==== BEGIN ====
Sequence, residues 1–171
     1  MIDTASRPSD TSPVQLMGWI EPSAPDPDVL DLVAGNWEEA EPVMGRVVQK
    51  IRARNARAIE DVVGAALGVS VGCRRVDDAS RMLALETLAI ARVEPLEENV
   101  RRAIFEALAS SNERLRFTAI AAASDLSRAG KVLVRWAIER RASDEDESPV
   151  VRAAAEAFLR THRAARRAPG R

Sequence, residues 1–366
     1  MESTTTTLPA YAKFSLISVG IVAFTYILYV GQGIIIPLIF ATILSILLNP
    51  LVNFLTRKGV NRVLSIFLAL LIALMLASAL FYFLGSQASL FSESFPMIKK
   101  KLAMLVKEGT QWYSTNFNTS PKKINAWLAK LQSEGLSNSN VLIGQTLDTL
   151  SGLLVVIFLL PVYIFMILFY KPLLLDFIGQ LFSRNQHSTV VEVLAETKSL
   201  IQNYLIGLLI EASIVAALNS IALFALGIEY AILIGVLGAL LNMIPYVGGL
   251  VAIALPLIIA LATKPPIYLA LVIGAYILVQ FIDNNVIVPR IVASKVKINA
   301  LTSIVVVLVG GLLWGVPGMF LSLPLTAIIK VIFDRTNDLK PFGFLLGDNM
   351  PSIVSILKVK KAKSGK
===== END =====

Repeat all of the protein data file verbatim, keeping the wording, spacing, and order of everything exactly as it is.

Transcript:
Sequence, residues 1–171
     1  MIDTASRPSD TSPVQLMGWI EPSAPDPDVL DLVAGNWEEA EPVMGRVVQK
    51  IRARNARAIE DVVGAALGVS VGCRRVDDAS RMLALETLAI ARVEPLEENV
   101  RRAIFEALAS SNERLRFTAI AAASDLSRAG KVLVRWAIER RASDEDESPV
   151  VRAAAEAFLR THRAARRAPG R

Sequence, residues 1–366
     1  MESTTTTLPA YAKFSLISVG IVAFTYILYV GQGIIIPLIF ATILSILLNP
    51  LVNFLTRKGV NRVLSIFLAL LIALMLASAL FYFLGSQASL FSESFPMIKK
   101  KLAMLVKEGT QWYSTNFNTS PKKINAWLAK LQSEGLSNSN VLIGQTLDTL
   151  SGLLVVIFLL PVYIFMILFY KPLLLDFIGQ LFSRNQHSTV VEVLAETKSL
   201  IQNYLIGLLI EASIVAALNS IALFALGIEY AILIGVLGAL LNMIPYVGGL
   251  VAIALPLIIA LATKPPIYLA LVIGAYILVQ FIDNNVIVPR IVASKVKINA
   301  LTSIVVVLVG GLLWGVPGMF LSLPLTAIIK VIFDRTNDLK PFGFLLGDNM
   351  PSIVSILKVK KAKSGK